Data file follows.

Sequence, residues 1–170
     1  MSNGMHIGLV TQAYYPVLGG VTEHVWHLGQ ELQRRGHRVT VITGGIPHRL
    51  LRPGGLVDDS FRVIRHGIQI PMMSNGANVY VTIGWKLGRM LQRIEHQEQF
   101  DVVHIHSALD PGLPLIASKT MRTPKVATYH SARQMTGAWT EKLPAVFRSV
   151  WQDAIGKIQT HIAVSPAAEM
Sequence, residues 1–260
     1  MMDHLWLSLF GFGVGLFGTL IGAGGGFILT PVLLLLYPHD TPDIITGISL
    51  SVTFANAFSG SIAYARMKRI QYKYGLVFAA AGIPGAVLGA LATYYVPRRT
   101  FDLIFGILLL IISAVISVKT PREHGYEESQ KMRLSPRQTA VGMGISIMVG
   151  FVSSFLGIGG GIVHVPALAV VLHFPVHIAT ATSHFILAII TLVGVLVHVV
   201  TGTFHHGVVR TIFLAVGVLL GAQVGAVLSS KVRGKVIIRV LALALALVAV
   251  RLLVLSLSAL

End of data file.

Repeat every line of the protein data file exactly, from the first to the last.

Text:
Sequence, residues 1–170
     1  MSNGMHIGLV TQAYYPVLGG VTEHVWHLGQ ELQRRGHRVT VITGGIPHRL
    51  LRPGGLVDDS FRVIRHGIQI PMMSNGANVY VTIGWKLGRM LQRIEHQEQF
   101  DVVHIHSALD PGLPLIASKT MRTPKVATYH SARQMTGAWT EKLPAVFRSV
   151  WQDAIGKIQT HIAVSPAAEM
Sequence, residues 1–260
     1  MMDHLWLSLF GFGVGLFGTL IGAGGGFILT PVLLLLYPHD TPDIITGISL
    51  SVTFANAFSG SIAYARMKRI QYKYGLVFAA AGIPGAVLGA LATYYVPRRT
   101  FDLIFGILLL IISAVISVKT PREHGYEESQ KMRLSPRQTA VGMGISIMVG
   151  FVSSFLGIGG GIVHVPALAV VLHFPVHIAT ATSHFILAII TLVGVLVHVV
   201  TGTFHHGVVR TIFLAVGVLL GAQVGAVLSS KVRGKVIIRV LALALALVAV
   251  RLLVLSLSAL